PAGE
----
Last Week Saw a Number of Changes in the Global Gaming Ecosystem

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There’s no such thing as a sure-thing in gambling, but one bet that is guaranteed to pay out is on the gaming industry itself. There’s never a dull moment in the gaming ecosystem and, as more attention is paid to the industry around the world, it’s safe to say that things are just heating up. In some areas, they’re also cooling down.

The Changing Global Gaming Industry

Brazil, a long time ago, had a thriving casino industry. That changed, however, with new laws implemented by then-President Eurico Gaspar Dutra in 1946. Now, more than 50 years later, things could be turning around once again. New land-based casinos could be seen in the country soon if a casino bill currently being discussed makes it all the way through the legislative obstacle course. Only one casino would be allowed in each state, but it’s a step in the right direction. There are 26 states in Brazil, which means the country could have a robust casino industry. The country is also exploring sports betting and iGaming options, which are now on a path toward approval.

From the land of the world-famous Carnival to the land of world-famous cheese, the US state of Wisconsin is close to seeing its first sportsbook. The Oneida Nation has been given the green light to launch a sportsbook after its compact with the state was approved by the Department of the Interior. It would be the first tribe in Wisconsin to introduce sports betting, although others are in line to join the market.

Sports betting is in the news a lot right now, as the NFL prepares to kick off the season on September 9. There is plenty of interest on the part of sports betting operators to get in on the action, inarguably the largest target of sports bettors in the US, and Arizona is adding its name to the list of legal states. Four operators had their license applications approved last week, with others announced over the weekend. They should have their operations in place ahead of the season start, but after British Columbia. The Canadian province beat Arizona to the punch, beginning to accept sports wagers at the end of last week.

Not only is NFL betting high on the list, but so is college football. Caesars is one of those to have been issued a license to launch in Arizona, thanks to its partnership with the Arizona Diamondbacks of MLB, but it likes college ball, as well. The gaming operator announced a deal with college football’s Fiesta Bowl last week to “boost fan engagement and expand sports gaming education” in the state.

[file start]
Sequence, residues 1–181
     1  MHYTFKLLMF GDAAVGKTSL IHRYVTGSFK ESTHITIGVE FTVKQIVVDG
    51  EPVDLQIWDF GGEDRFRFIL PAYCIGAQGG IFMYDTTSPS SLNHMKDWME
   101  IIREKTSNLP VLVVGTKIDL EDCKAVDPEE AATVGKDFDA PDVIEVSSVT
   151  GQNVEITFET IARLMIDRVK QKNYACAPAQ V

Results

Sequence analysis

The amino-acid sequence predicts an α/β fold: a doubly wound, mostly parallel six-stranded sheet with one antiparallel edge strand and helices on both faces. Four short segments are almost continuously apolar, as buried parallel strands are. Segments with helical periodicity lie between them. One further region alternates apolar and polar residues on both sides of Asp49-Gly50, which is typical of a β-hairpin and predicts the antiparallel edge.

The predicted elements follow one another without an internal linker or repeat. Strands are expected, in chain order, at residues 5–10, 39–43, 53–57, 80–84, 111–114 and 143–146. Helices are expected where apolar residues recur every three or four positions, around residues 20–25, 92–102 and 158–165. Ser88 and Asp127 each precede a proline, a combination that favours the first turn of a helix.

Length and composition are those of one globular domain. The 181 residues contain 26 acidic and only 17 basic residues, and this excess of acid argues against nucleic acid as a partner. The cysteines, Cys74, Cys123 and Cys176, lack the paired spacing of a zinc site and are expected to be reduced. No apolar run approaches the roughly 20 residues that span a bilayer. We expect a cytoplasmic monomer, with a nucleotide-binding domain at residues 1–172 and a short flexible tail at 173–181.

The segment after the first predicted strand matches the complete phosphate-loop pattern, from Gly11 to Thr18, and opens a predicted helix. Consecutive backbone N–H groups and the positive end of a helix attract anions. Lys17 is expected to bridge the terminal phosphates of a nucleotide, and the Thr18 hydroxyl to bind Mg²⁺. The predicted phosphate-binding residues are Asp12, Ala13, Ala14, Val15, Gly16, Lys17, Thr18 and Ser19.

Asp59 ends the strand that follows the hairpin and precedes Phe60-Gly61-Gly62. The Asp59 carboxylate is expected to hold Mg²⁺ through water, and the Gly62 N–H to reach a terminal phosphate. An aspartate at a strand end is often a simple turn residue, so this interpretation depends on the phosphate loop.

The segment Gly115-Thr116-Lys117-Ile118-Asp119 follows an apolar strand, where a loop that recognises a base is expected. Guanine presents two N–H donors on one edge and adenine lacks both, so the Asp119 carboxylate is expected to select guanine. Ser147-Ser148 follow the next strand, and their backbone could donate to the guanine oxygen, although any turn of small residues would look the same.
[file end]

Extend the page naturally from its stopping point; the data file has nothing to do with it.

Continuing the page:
Cuts Being Made

Even as some places are looking at how to expand their gaming activity to increase revenue, some cuts are being seen, as well. Penn National has been able to use COVID-19 and the post-pandemic recovery to evaluate its operations and found something interesting. A reduction in the number of slot machines at some of its properties doesn’t have a huge impact on its bottom line. That has led it to request permission from the Pennsylvania Gaming Control Board to cut the number of one-armed bandits at two of its Pennsylvania properties. The space where the machines once stood won’t go to waste, though, as the casinos would turn the areas into sportsbooks, which have more revenue potential than the slots.

While Penn National wants to increase its focus on sports betting, the Genting Group is going in the opposite direction. The company’s Genting UK arm is reportedly dropping the market completely, ready to focus solely on iGaming.

The Money’s Rolling In

Gambling.com is now a publicly traded company and is starting to see good results. It reported its financial earnings for the second quarter of the year, showing a year-on-year gain of $4.1 million as it went from $6.3 million to $10.4 million. Investors liked the news, as the company’s NASDAQ stock went from $6.74 on August 20 to $14.19 at the end of the day on Friday.

Casino operators across Nevada are happy with their recent results, as well. In July, the state’s collective gross gaming revenue was $1.35 billion, the fifth straight month that it saw over $1 billion. The new COVID-19 issues might have an impact, but casinos aren’t likely to be shut down again like they were last year.

FIFA also scored a huge windfall recently. As part of an investigation by the US Justice Department into corruption in sports, the agency has acknowledged that the soccer organization is entitled to some money that has been seized. As a result, FIFA and two affiliates, CONMEBOL and CONCACAF, are going to be paid over $201 million.

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